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The Rogak Report: 31 May 2005 ** Anti-Subrogation Rule **

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  • Lawrence Rogak
    CO-DEFENDANTS, INSURED UNDER SAME POLICY, CANNOT PURSUE CROSS-CLAIMS FOR INDEMNIFICATION Fidel Blanco, et al. v. CVS Corporation, d/b/a CVS 346, Indian Rock,
    Message 1 of 1 , May 31, 2005
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      CO-DEFENDANTS, INSURED UNDER SAME POLICY, CANNOT PURSUE CROSS-CLAIMS
      FOR INDEMNIFICATION

      Fidel Blanco, et al. v. CVS Corporation, d/b/a CVS 346, Indian Rock,
      LLC et al. (2d Dept 2005) (Index No. 4950/99)

      Plaintiff, an employee of G.W. Plumbing, Inc., was injured when he
      fell from a scaffold while working on the construction of a drive-
      through canopy at a newly-constructed CVS store. The defendants CVS
      Corporation, d/b/a CVS 346, and CVS Suffern Store, LLC leased the
      premises from the defendant landlord Indian Rock, LLC. Pursuant to
      the terms of the lease, Indian Rock was required to maintain general
      liability insurance coverage and was to name CVS as an additional
      insured under that policy. Indian Rock procured its insurance through
      CNA. The policy had a limit of $1,000,000 per occurrence. The lease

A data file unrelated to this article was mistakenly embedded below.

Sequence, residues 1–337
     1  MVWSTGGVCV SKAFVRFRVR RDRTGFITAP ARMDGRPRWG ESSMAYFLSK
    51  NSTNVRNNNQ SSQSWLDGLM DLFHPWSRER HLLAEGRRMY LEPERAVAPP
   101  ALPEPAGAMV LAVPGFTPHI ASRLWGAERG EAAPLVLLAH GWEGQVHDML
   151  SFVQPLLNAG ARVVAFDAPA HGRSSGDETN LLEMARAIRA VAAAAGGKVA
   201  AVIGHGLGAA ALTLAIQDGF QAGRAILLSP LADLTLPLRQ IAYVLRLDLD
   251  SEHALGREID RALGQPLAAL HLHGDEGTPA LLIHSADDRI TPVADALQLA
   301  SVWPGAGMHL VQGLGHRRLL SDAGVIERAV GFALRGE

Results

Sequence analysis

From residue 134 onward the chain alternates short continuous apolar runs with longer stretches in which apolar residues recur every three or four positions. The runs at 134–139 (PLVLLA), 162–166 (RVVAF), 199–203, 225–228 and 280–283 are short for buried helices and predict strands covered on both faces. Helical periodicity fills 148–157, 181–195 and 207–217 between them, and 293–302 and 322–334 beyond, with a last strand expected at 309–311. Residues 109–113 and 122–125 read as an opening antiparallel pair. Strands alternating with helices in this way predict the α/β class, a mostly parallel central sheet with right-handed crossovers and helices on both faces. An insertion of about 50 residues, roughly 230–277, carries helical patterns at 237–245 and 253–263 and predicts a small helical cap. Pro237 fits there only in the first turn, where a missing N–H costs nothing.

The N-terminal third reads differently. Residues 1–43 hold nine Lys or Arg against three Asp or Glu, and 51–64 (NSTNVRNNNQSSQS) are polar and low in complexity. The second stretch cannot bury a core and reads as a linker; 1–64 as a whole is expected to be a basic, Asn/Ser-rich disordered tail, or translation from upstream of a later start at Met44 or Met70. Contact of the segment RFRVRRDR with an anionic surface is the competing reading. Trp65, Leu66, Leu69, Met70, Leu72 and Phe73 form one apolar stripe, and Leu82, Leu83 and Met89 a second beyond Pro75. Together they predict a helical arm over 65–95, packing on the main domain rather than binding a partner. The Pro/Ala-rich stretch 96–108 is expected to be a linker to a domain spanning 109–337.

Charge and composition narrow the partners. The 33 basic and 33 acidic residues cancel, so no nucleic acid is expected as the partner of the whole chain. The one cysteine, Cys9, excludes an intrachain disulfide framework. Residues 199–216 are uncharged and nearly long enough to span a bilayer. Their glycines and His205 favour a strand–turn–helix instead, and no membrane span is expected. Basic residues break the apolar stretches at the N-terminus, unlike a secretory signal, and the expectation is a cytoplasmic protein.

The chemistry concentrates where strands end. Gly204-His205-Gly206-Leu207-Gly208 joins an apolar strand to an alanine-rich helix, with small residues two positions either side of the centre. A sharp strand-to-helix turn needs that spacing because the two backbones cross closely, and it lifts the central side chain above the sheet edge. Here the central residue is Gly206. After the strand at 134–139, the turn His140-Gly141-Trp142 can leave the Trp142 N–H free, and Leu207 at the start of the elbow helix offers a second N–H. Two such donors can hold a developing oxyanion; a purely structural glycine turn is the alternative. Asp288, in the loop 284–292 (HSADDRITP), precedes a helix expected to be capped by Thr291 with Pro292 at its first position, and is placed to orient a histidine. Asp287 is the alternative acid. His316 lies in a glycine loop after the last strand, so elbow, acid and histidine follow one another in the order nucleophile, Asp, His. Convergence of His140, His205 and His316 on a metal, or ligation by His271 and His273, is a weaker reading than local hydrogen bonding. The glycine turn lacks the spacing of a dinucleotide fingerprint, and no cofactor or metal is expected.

also required CVS to maintain general liability insurance coverage
      and to name Indian Rock as an additional insured under its policy.
      CVS procured its insurance through AIG. That policy contained a limit
      of $1,750,000 per occurrence.

      Plaintiff commenced this action against CVS and Indian Rock to
      recover damages for personal injuries based upon violation of Labor
      Law ยง 240(1). CVS and Indian Rock asserted cross claims against each
      other for, among other things, contractual and common-law
      indemnification. CNA assumed the defense and indemnification of CVS
      as an additional insured under its policy.

      The plaintiffs settled their action with CVS and Indian Rock for the
      sum of $1,500,000. CVS and Indian Rock agreed that each would pay 50%
      of the settlement sum but reserved their rights to pursue their cross
      claims against one another. The trial court denied the cross claims
      as barred by the anti-subrogation rule. Indian Rock appealed.

      The Second Department held that Indian Rock was not entitled to
      contractual or common-law indemnification from CVS. The anti-
      subrogation rule provides that "an insurer has no right of
      subrogation against its own insured for a claim arising from the very
      risk for which the insured was covered." The rule applies to bar
      indemnification up to the policy limits of the comprehensive general
      liability policy at issue.

      "Indian Rock's comprehensive general liability policy named CVS as an
      additional insured and it contained a limit of $1,000,000 per
      occurrence. Indian Rock's $750,000 share of the settlement fell
      within these policy limits. Since the same insurance company covered
      CVS and Indian Rock for the same risk, the anti-subrogation rule
      applies to bar Indian Rock from indemnification for its part of the
      settlement which was within the limits of the policy purchased by it.
      Thus, Indian Rock's cross claims were properly denied."

      Larry Rogak
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